EDITOR’S NOTE: This is the second of a two-part series on special challenges writer Georgiann Potts faced during the summer of 2019.

Writer’s Note: In the first installment of this two-part column that ran two weeks ago, I wrote about the zinnia part of my “Zinnia and Hummingbird Tussle”. Today’s column addresses the hummingbird part.

This tussle has been a true challenge for me, as I have had to come to grips with repeated failures.

In our family, one of our favorite expressions is, “This is a character-building experience.” Frankly, my character had just about all of those experiences it could stand!

Patience is a virtue, and in both cases — floral and bird — patience won the game. Along the way there was a fair amount of laughter and large doses of humility, both of which proved good for the soul!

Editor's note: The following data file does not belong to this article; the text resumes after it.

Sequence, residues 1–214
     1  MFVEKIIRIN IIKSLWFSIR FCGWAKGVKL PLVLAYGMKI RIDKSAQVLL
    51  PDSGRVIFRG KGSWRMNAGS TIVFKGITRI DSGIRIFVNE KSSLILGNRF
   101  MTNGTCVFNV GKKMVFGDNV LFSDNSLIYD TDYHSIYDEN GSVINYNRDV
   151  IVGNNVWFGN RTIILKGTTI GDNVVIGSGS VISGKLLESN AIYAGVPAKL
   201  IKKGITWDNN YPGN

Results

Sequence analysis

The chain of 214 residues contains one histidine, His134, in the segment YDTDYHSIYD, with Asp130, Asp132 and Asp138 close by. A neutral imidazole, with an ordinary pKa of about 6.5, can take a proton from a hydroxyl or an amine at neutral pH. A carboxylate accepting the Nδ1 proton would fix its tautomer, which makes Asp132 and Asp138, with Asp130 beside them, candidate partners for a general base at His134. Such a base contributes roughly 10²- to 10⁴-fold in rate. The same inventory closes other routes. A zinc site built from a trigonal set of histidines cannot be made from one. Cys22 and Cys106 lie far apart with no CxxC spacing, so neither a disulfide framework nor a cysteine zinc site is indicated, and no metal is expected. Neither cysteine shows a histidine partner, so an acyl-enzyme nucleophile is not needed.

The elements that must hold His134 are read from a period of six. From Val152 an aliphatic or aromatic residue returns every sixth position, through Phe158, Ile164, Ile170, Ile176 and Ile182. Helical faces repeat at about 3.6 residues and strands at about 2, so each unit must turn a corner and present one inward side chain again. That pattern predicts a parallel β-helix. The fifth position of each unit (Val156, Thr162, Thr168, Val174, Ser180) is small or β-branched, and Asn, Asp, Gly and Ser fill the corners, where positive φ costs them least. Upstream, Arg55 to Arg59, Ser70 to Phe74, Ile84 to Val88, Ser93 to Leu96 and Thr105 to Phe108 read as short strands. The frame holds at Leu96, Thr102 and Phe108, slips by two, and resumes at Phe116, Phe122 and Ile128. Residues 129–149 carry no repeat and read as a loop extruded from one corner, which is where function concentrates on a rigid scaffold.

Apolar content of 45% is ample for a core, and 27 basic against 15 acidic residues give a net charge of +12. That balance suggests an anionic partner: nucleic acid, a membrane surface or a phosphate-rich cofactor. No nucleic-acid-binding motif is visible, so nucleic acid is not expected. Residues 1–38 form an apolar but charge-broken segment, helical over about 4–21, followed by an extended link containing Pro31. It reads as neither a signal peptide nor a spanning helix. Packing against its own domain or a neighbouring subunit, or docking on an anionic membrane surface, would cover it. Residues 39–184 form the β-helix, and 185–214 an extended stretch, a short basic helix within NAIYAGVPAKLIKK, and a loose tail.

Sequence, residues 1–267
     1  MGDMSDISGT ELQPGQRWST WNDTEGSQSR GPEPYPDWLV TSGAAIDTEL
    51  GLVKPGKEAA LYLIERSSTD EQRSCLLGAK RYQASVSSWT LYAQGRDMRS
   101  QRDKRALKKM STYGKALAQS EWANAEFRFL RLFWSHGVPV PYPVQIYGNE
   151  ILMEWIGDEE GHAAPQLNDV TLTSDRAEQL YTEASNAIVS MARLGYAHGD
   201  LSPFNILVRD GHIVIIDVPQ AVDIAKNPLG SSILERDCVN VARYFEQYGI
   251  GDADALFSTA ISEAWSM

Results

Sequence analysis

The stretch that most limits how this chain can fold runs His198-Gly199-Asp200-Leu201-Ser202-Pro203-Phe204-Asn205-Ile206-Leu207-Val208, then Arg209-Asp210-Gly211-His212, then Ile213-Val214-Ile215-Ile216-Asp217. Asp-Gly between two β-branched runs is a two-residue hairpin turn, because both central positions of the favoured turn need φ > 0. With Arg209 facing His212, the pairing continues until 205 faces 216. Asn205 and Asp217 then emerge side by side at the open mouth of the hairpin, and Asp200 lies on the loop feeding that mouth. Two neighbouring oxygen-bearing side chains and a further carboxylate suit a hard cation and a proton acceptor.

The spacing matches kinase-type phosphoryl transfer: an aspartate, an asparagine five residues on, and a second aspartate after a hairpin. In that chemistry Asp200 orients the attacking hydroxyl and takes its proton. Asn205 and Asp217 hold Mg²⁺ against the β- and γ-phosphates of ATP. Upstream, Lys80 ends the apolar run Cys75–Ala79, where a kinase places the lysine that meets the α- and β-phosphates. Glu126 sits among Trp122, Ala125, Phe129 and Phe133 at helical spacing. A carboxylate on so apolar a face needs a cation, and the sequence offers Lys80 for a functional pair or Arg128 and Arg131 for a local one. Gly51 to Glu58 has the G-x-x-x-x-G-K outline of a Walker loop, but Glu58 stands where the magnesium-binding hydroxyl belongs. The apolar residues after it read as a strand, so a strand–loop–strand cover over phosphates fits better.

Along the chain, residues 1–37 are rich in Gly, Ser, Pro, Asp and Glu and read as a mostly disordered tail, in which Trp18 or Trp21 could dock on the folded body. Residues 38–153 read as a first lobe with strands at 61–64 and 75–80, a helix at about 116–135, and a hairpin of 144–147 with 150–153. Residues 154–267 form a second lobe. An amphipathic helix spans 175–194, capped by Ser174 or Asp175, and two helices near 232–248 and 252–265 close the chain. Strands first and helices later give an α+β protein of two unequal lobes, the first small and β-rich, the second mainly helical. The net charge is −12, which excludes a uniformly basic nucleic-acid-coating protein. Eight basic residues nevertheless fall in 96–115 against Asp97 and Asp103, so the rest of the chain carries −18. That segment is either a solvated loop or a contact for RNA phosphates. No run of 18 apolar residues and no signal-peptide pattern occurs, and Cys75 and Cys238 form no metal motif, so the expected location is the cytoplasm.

Surviving Summer

2019 — Part 2

One thing that I have learned through the years is that smugness does not pay. Some call it “karma” — others, “fate” — and others, “bad luck”. What goes around, comes around, and too much smugness encourages failure. When I finally defeated the zinnia “curse” and had blooming plants, I should have practiced more humility. Instead, I tempted fate.

Case in point: hummingbirds. Infrequently during the years that we’ve had the lake place, I have put up the ubiquitous hummingbird feeder that all of my lake neighbors have. And every year, I have seen precious few of the little darlings while my neighbors have had hundreds.

Hummingbirds

for Everyone, but Me . . .